Japan enforces its drug laws rigorously and as a consequence drug use is low. The Portuguese case (as Grzegorz mentions above) does not support David’s argument.

    De facto use is quite separate from de iure use. Legalization would be disastrous and lead to increased use. This is just at a time where the dangers it poses for mental health are beginning to become known. Hitchens has noted (and I can vouch for it) that the overwhelming majority of the low-lifes who have perpetrated terrorist outrages in recent years were regular cannabis users, or taking illegal drugs or legal tranquillisers.

    I have been listening to this same lame but insistent line of argument all my life now.
    David leaves opium off his list. Has he not read of the damage it did to China in the 19th century? How ab out the disastrous conssequences of widespread use of cannabis in countries like Egypt in the earlier part of the last century (from memory).

    “Let’s have a serious discussion.”

    This line made me laugh out loud. Part of this was that I knew it was coming. It is used to introduce every serious move to further the progressive agenda. The thing is that there is never a serious discussion. There is barely any discussion at all. Hitchens’s book was barely reviewed when it was published (and then only to dismiss it out of hand) almost certainly because it proves that the fantasists are yet again utterly wrong, if not engaged in conscious deceit. When is the last time anyone read an article in the press, heard one on the radio, or watched one on the television, where a contrary view is argued? Not only about this subject but all the others too?

    There will be no discussion. There never is, especially in this country. Only propaganda. The very idea that there can be a meaningful exchange of views only shows once again how out of touch David and his friends really are.

    • Thank you for your perspective, coldblow
      I believe that criminalizing the users is the wrong approach. It allows the control of the illicit drug market to be in the hands of criminals who are largely unassailable. Huge money is involved. The criminal banking cartel is involved.

      I too dabbled at some point, many years ago, but quickly realized the danger I was in and stopped usage of all or any drug including prescriptions by medical authority.

      Recently I fell off the wagon. Last Spring I ripped my back and was in extreme pain with muscle spasm down the legs . I struggled to walk at all and was hunched backed and crippled when I did.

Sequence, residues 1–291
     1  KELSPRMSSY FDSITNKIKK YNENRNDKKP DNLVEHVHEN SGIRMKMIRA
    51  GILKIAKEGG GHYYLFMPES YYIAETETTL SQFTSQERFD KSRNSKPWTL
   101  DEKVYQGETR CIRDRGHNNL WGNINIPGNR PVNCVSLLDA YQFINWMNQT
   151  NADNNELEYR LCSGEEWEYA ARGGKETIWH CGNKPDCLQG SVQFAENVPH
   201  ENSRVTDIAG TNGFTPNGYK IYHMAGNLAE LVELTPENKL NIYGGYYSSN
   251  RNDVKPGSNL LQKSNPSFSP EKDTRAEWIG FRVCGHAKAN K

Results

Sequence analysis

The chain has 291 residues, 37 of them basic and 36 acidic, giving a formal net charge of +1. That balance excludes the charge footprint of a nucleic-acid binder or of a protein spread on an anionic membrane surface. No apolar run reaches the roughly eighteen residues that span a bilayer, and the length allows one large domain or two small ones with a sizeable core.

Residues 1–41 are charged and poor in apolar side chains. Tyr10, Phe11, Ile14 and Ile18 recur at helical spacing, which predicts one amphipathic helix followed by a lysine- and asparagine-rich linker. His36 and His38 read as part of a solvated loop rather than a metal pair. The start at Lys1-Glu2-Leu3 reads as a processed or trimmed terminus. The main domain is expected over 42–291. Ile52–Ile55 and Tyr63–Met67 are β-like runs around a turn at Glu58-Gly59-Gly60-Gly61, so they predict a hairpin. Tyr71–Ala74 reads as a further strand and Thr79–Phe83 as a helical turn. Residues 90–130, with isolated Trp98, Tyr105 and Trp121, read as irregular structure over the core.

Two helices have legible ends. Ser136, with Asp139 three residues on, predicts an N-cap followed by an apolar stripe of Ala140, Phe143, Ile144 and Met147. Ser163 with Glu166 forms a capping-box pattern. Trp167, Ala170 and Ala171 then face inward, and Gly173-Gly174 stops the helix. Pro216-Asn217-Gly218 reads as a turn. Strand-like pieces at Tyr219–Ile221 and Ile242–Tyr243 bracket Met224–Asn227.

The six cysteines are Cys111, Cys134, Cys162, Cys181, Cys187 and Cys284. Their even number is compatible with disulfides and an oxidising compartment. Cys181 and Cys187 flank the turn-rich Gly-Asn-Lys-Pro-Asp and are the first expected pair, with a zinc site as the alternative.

I saw doctors, 5 in 5 days, all who prescribed drugs as painkillers. I went to physiotherapists and acupuncturists. None had a clue what to do and I was not diagnosed to see what had happened. I was prescribed pain killers. I did not realize at first they contained opioids. On the third day I had a reaction and briefly passed out and was an emergency case for hauling off to hospital on a stretcher and ambulance. After release I decided to not take pain killers. (They did nothing to reduce the pain either). The resulting headaches were extreme for four days. I was already hooked. I prevailed and the headaches disappeared.

      I kept moving and as active as I could. I did stretching exercises and after thee months I am largely OK. I have some back stiffness but basically recovered. The only person who agreed with what I did was a chiropractor I have known for 30 years. “Move it or lose it, Tony. Motion is lotion “. Everyone else had told me to be inactive.

      There is an opioid crisis in BC and elsewhere and in my opinion is largely generated from prescription drugs. If I had become hooked as I was about to be I could easily have had to revert to illicit suppliers to maintain my habit. It would have consumed me.

      We live in dangerous times. I maintain that the only route to health is good food and exercise and a strong will to do so.

      Ultimately, the decision as to whether or not to use drugs is a personal one beyond the power of regulation unless we use the Singapore option as mentioned by goldbug. Legalize the use and then prohibit users from having the right to drive. Driving under the influence…. is a crime and needs to be enforced. Operating equipment and machinery of any kind would be the same IMO. Corporations would be justified in asking for drug free performance from their employees. Smoking is prohibited in the workplace and public enclosed spaces, and so should every other substance detrimental to the behavior of people.

      • coldblow


        It does not make any sense. The state intervenes in the lives of citizens more and more and (I would guess) rarely to the benefit of anyone. The smoking ban is enforced quite firmly, isn’t it? When it was first introduced certain zealous individuals were quick to report drivers of work vehicles for smoking a fag. And there is no shortage of moralizing, be it ‘obesity’ or anything else. Why is it all about personal choice and lifestyle in certain things but not in others?

        Individual choices have a direct affect on the lives of the people living around the individual and family members. It is bad enough with the booze in this country without adding another bad habit. Alcohol is firmly rooted in the culture and would be difficult to eradicate, even if this were desirable (I don’t think it would be). Cannabis is a recent arrival, from an useless alien culture and it should be banned if a majority of people think that way. It is a guess now whether a majority still do want that (they certainly used to). I think it is probably still the case – just.